Vertical seismic profile

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Layout of a Vertical Seismic Profile Station

In geophysics, vertical seismic profile (VSP) is a technique of seismic measurements used for correlation with surface seismic data. The defining characteristic of a VSP (of which there are many types) is that either the energy source, or the detectors (or sometimes both) are in a borehole. In the most common type of VSP, hydrophones, or more often geophones or accelerometers, in the borehole record reflected seismic energy originating from a seismic source at the surface.

There are numerous methods for acquiring a vertical seismic profile (VSP). Zero-offset VSPs (A) have sources close to the wellbore directly above receivers. Offset VSPs (B) have sources some distance from the receivers in the wellbore. Walkaway VSPs (C) feature a source that is moved to progressively farther offset and receivers held in a fixed location. Walk-above VSPs (D) accommodate the recording geometry of a deviated well, having each receiver in a different lateral position and the source directly above the receiver. Salt-proximity VSPs (E) are reflection surveys to help define a salt-sediment interface near a wellbore by using a source on top of a salt dome away from the drilling rig. Drill-noise VSPs (F), also known as seismic-while-drilling (SWD) VSPs, use the noise of the drill bit as the source and receivers laid out along the ground. Multi-offset VSPs (G) involve a source some distance from numerous receivers in the wellbore.[1][2]

A vertical seismic profile is constructed to identify a value known as a source wavelet. This is useful when it comes to a process known as deconvolution. Deconvolution allows for a more readable and more focused VSP.[2] The idea is that the VSP reports any abnormal seismic activity and deconvolution allows for a more focused profile on these abnormal activities. VSPs are used to measure a seismic signal at depth and with that measurement the wavelength at the source of the seismic activity is easily found. With the measurement of the source wavelet, geophysicists can carry out deconvolution on the VSP and decrease the reports of all seismic activity and limit the reports to just abnormal or extreme changes in seismic activity.[2]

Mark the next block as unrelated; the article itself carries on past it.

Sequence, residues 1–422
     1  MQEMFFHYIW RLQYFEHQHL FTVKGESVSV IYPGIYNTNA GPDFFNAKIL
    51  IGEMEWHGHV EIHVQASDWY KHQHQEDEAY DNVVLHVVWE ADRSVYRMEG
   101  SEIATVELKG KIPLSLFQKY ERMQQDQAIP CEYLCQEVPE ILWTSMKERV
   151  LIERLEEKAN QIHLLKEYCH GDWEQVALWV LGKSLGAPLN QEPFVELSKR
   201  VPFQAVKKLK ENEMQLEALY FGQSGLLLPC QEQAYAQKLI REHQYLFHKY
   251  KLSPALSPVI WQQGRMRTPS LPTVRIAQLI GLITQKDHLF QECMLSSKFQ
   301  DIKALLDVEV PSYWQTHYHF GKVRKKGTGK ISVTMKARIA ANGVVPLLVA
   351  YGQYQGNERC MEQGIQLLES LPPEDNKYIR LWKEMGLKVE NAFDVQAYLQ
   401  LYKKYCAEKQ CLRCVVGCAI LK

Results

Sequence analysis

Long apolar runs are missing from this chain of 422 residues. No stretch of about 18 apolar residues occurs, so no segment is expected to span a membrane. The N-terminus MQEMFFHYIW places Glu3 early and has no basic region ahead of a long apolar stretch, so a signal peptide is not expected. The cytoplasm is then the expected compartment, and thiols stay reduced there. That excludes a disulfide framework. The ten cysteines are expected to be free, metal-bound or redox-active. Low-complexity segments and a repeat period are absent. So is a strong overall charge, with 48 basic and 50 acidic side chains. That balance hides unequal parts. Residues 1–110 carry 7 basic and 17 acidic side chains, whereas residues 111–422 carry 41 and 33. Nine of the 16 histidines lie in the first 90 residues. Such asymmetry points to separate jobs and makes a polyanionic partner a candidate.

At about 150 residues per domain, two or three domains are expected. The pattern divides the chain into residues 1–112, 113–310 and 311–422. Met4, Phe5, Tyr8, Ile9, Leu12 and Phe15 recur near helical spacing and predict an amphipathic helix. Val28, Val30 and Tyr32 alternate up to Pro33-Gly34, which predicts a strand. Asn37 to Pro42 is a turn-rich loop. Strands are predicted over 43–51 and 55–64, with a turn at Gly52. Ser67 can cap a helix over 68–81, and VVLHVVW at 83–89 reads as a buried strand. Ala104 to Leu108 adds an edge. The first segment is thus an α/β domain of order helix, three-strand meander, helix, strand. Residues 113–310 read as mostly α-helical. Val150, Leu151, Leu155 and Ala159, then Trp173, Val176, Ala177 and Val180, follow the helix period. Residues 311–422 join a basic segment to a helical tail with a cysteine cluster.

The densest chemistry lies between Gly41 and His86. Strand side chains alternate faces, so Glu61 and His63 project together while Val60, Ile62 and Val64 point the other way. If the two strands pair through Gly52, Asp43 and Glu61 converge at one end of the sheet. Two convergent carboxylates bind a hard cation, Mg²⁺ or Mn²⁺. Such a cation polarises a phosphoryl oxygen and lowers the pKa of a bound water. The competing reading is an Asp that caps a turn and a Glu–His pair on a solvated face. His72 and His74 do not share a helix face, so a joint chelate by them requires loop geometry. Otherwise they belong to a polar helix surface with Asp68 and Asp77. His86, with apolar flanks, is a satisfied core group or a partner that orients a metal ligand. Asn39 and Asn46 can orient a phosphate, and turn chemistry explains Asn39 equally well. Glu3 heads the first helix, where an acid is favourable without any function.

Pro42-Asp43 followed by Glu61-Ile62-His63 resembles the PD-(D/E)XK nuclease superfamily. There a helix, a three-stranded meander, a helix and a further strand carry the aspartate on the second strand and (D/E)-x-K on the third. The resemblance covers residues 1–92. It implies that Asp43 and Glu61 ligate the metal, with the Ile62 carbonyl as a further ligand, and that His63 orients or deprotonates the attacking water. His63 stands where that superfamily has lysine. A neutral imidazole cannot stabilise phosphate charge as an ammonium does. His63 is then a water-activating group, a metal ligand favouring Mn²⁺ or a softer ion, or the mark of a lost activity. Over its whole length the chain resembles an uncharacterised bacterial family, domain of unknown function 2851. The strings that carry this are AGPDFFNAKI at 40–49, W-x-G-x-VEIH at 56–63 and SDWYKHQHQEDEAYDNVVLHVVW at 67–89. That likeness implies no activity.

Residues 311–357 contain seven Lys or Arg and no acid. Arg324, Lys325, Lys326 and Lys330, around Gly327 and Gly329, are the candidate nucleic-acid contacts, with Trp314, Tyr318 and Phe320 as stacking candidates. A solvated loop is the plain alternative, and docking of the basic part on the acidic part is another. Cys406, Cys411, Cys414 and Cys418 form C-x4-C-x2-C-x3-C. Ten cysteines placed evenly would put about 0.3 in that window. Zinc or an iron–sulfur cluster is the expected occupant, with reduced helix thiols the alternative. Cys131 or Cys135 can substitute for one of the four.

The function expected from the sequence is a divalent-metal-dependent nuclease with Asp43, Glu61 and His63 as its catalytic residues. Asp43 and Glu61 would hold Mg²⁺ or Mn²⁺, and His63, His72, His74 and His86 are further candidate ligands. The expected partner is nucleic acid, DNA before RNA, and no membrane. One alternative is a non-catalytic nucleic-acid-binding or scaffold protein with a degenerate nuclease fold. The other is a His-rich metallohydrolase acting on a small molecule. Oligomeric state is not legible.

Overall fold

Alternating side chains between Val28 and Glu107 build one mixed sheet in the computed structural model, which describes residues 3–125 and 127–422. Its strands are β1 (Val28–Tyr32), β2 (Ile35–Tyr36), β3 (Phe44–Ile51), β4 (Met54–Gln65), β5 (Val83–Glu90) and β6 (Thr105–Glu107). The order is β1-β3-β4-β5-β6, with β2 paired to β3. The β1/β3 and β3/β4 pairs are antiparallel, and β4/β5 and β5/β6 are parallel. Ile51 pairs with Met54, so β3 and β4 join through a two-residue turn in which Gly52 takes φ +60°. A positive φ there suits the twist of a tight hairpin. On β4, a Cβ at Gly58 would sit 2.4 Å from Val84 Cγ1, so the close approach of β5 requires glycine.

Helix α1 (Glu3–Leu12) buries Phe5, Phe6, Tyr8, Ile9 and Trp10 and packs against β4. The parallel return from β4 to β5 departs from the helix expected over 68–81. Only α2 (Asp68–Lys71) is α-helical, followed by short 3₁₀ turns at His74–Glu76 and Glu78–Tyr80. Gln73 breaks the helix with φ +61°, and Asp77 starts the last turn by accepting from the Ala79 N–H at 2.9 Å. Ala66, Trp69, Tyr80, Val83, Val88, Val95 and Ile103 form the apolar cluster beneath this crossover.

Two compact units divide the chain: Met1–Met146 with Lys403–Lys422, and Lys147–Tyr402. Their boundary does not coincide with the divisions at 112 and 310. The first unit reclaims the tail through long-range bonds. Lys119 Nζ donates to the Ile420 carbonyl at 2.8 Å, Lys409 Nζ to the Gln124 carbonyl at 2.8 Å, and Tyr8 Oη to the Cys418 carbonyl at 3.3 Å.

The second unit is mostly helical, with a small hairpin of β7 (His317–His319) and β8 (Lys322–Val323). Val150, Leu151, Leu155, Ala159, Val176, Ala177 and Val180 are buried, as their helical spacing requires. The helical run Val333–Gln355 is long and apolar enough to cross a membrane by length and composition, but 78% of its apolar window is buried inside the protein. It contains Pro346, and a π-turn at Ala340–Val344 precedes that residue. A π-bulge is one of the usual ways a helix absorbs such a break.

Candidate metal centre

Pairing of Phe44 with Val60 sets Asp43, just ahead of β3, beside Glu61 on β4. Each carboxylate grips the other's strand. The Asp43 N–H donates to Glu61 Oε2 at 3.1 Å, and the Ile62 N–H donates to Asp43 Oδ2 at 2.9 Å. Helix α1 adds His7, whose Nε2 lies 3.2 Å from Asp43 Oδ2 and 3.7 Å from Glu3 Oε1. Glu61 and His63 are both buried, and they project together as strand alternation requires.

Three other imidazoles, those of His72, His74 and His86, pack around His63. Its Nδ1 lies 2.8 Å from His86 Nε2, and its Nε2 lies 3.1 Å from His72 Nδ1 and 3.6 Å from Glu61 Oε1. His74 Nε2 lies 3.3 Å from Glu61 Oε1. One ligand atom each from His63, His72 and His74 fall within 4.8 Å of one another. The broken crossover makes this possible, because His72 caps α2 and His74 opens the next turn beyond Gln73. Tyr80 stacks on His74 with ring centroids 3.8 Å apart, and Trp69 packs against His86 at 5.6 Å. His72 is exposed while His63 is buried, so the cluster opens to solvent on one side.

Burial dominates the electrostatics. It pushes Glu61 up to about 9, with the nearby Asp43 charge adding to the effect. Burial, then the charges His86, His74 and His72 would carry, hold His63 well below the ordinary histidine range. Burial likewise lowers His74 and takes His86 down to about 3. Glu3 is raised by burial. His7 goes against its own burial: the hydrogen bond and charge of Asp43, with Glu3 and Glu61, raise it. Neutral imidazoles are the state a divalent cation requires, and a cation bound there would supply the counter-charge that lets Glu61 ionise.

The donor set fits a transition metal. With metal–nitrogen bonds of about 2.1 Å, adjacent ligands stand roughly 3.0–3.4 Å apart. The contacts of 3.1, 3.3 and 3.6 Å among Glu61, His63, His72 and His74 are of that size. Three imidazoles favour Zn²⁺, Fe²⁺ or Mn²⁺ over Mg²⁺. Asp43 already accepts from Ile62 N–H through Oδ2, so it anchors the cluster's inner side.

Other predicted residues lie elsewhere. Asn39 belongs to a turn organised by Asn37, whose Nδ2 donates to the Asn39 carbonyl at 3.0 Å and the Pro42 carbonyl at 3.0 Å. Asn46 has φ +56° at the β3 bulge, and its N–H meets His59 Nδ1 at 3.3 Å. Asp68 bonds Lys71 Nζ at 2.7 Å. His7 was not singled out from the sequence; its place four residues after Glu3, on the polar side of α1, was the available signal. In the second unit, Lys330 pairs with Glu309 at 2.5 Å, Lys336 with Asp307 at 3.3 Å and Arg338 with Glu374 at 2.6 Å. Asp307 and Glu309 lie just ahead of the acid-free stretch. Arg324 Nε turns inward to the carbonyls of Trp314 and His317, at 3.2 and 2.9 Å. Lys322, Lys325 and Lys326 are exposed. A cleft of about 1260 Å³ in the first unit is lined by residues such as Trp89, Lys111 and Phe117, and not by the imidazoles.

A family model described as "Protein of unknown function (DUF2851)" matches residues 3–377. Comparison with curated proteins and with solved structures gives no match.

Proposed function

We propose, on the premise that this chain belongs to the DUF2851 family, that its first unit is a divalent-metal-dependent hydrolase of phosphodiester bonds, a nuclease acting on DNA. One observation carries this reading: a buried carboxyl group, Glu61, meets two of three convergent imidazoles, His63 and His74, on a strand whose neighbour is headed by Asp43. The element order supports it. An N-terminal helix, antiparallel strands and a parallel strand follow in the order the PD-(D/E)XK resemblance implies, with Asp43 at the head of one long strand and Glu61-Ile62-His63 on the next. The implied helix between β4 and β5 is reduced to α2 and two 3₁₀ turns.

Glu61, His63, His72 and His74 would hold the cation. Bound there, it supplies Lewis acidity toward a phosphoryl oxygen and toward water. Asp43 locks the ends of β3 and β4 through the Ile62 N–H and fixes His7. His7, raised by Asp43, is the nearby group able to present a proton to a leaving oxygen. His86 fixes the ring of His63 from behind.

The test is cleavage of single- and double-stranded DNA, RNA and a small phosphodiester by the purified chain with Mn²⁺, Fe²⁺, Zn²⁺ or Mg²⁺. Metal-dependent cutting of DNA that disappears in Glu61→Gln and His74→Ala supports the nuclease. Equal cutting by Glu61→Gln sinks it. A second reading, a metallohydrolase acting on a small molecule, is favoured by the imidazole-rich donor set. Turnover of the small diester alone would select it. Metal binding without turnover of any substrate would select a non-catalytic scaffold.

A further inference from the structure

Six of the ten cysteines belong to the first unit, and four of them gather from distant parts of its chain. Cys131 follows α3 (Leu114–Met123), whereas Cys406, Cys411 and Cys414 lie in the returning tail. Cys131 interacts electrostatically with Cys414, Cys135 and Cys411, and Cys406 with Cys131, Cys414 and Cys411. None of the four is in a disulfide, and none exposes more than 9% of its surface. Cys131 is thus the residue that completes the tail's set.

In recent years, using a VSP has become more popular in regards to reducing well placement risks as well as improving the monitoring of such wells.[3] The advancement in technology for well monitoring has made VSPs more accurate and more precise with the use of very long baseline interferometry (VLBI).[3] VLBI is an astronomical radio antenna technique that allows for high resolution imaging on a spatial scale. Therefore, using these techniques to create a seismic profile produces incredibly accurate images of wavelets and enhances determination of source wavelets. VSPs are more suitable than other seismic profiles to host the equipment for VLBI.[3] The long vertical length required to create a borehole for a VSP allows for the equipment of a VLBI to analyze data within a larger region. VLBI can produce high resolution results within a region upwards of 50 km.[3]


  1. ^ "Diagram of VSP configurations". Schlumberger. Retrieved 4 August 2014.
  2. ^ a b c Rector, J.W.; Mangriotis, M.D. (2011). "Vertical Seismic Profile". In Gupta, Harsh K. (ed.). Encyclopedia of Solid Earth Geophysics. Encyclopedia of Earth Sciences Series. Dordrecht: Springer Netherlands. doi:10.1007/978-90-481-8702-7. ISBN 978-90-481-8701-0.
  3. ^ a b c d Onajite, Enwenode (2014), Onajite, Enwenode (ed.), "Chapter 7 - Understanding Deconvolution", Seismic Data Analysis Techniques in Hydrocarbon Exploration, Oxford: Elsevier, pp. 93–103, doi:10.1016/b978-0-12-420023-4.00007-1, ISBN 978-0-12-420023-4

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